In May this year, one industry report showed Australian solar investments hit a record high in 2016.
The 2016 report which was produced by the Clean Energy Regulator, highlighted in great detail Australia’s progress–obviously geared towards the realization of its 2020 renewable energy target.
According to the report, a total of 86 solar energy plants of the 98 power plants were initiated in 2016. The report further revealed investment in large-scale renewable energy in 2016 grew five times more than what was recorded in 2015.
Growing investment in small-scale renewable energy
Investment in small-scale renewable energy wasn’t left behind either; and 182,000 new system installations were made in 2016. Generally, about 15 per cent of Australian households have installed 2.6 million small-scale renewable systems.
In line with this, installation of hot water systems and rooftop solar panels grew, generating more than 5,000 megawatts of power, which accounted for almost twice that of the country’s biggest power station.
Australia on the right track towards achieving its 2020 renewables target
Energy Minister Josh Frydenberg confirmed that indeed Australia is well on track to achieving its Renewable Energy Target (RET) of 23.5 percent by 2020.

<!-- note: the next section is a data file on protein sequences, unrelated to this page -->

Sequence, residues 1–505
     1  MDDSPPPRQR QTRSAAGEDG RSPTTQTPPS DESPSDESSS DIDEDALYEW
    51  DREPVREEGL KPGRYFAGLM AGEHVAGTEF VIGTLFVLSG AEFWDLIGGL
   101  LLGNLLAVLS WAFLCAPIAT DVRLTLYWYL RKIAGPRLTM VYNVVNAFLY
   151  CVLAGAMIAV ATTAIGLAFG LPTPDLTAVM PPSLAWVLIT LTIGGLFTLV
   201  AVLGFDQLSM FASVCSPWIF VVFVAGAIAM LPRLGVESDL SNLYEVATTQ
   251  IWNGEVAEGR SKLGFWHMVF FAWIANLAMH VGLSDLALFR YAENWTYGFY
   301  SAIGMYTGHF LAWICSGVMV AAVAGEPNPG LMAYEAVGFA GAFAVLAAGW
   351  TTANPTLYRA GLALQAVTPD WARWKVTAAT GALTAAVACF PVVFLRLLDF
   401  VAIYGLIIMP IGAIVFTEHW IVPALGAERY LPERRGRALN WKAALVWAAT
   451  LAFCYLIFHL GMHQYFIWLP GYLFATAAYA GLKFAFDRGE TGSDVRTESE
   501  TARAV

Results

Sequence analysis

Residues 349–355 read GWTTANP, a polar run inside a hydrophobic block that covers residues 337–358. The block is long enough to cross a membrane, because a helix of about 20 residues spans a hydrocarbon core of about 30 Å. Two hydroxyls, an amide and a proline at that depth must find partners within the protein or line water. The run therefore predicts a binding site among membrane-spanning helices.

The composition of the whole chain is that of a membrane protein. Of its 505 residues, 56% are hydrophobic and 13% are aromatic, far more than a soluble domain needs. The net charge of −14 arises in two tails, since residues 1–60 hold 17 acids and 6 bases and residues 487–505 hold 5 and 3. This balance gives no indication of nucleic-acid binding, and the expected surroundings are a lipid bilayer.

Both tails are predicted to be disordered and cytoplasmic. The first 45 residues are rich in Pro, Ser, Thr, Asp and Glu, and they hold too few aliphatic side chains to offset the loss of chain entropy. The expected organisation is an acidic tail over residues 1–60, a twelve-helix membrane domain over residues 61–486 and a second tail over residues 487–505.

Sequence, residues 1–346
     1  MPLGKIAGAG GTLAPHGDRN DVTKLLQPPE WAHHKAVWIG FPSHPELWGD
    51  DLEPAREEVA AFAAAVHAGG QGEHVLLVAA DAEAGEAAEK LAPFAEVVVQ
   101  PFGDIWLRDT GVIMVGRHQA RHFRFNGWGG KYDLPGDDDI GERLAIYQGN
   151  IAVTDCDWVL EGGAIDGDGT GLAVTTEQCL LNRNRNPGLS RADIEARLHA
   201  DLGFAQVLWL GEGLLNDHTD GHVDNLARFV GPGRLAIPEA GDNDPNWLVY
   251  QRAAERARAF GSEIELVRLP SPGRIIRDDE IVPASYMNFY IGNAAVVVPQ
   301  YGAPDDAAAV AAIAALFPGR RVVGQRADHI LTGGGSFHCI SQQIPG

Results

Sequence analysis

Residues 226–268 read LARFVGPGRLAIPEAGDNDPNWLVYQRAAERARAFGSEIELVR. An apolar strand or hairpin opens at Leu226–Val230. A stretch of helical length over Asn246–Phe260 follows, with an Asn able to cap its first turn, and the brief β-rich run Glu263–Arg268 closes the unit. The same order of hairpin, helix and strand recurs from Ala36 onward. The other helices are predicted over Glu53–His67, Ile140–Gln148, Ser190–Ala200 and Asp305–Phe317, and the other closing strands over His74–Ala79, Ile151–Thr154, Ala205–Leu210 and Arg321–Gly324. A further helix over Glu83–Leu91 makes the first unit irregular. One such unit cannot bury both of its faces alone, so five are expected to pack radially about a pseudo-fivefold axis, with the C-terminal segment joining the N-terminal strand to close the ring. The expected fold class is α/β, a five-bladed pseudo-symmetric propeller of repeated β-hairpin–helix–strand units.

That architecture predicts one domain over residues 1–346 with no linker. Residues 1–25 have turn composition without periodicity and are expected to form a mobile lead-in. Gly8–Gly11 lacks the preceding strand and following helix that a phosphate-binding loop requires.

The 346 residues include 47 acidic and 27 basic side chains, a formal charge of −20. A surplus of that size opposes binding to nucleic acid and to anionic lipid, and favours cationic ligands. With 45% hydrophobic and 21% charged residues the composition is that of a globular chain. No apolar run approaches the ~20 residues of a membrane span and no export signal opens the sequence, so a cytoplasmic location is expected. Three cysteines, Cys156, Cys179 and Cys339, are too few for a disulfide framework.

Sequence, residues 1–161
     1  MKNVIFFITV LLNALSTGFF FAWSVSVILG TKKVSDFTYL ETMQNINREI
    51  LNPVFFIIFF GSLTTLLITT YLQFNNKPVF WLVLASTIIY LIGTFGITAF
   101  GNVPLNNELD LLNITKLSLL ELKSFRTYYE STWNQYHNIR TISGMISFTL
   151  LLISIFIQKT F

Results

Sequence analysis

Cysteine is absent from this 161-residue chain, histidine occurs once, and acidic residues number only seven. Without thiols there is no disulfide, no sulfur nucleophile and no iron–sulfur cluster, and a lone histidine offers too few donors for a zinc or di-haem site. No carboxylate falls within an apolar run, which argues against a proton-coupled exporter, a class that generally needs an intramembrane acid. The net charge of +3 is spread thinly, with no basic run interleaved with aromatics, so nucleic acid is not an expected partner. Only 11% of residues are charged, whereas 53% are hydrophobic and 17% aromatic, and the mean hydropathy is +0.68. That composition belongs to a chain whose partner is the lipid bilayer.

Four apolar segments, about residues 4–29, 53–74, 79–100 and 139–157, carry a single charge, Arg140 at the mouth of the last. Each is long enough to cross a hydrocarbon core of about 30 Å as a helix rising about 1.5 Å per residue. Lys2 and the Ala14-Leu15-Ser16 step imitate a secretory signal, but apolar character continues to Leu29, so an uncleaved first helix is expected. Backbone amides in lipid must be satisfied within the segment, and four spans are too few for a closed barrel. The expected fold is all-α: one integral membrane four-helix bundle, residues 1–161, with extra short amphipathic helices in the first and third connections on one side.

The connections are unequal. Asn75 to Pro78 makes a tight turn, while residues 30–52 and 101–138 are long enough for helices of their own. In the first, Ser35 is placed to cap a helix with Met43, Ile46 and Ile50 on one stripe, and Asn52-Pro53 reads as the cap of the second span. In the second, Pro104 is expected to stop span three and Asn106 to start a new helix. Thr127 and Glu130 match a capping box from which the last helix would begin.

The energy minister also noted that investments made by both the Clean Energy Finance Corporation (CEFC) and the Australian Renewable Energy Agency (ARENA) have really helped make a difference.
“Since its inception in 2012, the CEFC has made $3.5 billion of loan and equity commitments in clean energy projects, ranging from a large scale solar investment with the potential for pumped hydro at a disused gold mine near Townsville, to smart grid software which gives consumers greater control over their energy consumption,” Frydenberg said.
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“Nearly $3 billion of these CEFC commitments have been made under a Coalition government.”
A combination of small-scale renewable systems and large-scale renewable energy power stations can generate enough renewable energy from the sustainable natural resources, such as the sun, wind and water to power Australian homes and businesses.
The Clean Energy Regulator notes that effective participation in the Renewable Energy Target includes:
- Small- and large scale voluntary participants who plan to invest in, or generate renewable energy, and cut their consumption and reliance on the main grid electricity; and
- Participants who are required by law to surrender large-scale generation certificates and small-scale technology certificates to offset the generation of emissions intensive energy, and meet scheme compliance obligations.